Surveying the damage
Evacuees forced from their homes by the most damaging wildfire in Colorado's history return.
(NBC News) The deadly Black Forest Wildfire near Colorado Springs is now more than 80% contained and for the first time since the start of the blaze many families are getting the chance to return to some of the neighborhoods ravaged by the fire.
The charred remnants stretch for miles.
Burned out shells of homes more than 500 in the Colorado mountains, making the Black Forest Fire the most devastating in the history of the state.
"Every time i look at a foundation what i see is somebody losing every memory they ever created that they can never buy, replace or recapture," said El Paso County Sheriff Terry Maketa.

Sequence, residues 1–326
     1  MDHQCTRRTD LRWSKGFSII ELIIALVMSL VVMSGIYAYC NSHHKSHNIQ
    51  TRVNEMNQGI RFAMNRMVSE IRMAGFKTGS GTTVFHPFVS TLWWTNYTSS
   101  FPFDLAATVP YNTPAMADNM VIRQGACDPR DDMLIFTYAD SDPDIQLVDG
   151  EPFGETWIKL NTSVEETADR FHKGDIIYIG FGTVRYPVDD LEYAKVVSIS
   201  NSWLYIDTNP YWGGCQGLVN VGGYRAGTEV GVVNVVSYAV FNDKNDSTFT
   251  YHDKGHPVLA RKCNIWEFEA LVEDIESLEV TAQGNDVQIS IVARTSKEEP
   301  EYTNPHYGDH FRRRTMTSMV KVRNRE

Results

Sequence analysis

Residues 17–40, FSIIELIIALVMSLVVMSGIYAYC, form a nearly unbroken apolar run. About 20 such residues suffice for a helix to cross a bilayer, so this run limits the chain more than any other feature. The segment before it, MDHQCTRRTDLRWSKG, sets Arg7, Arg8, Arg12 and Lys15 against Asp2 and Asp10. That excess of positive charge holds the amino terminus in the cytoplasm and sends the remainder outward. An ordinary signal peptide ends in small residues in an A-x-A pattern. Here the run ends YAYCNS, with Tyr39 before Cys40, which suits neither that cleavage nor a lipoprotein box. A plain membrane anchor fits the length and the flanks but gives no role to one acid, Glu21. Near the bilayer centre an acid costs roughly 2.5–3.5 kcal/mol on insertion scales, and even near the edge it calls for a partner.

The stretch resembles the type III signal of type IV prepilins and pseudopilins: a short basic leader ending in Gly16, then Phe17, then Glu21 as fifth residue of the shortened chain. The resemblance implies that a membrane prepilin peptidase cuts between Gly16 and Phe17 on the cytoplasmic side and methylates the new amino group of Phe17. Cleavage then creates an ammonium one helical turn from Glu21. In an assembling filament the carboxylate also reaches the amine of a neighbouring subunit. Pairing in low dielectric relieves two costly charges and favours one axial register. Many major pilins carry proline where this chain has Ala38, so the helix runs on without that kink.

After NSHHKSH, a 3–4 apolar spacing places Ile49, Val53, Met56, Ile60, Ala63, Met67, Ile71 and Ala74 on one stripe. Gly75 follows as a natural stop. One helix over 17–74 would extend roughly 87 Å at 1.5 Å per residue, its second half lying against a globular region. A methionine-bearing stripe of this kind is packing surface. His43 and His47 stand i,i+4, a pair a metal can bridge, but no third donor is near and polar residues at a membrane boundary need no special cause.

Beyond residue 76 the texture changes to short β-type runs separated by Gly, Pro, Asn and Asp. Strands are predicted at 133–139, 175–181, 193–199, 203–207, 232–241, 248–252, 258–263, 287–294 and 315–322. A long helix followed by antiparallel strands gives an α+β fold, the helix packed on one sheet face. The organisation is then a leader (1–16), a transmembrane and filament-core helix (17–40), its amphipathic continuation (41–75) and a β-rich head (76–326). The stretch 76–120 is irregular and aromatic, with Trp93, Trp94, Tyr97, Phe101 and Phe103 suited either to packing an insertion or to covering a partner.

After almost a full week of fighting the massive wildfire, some areas are now safe enough for families to return.
"It's a priority for us to get you in to see your property and that day has come," Maketa said.
For hundreds, there is little left to see.
As Carol Couch pushed past the barricades she learned she was one of the few in her neighborhood with something to come home to.
"My heart goes out to everybody who lost their homes. I can't imagine and you do feel a little guilty that you are elated happy that yours was saved," Couch said.
One of the most populated communities is still locked-down.
"I won't really be able to have closure until they let us go drive up to our house," said one evacuee.
Investigators say they want to preserve evidence in the area, that could be a crime scene as they search for the cause of the blaze.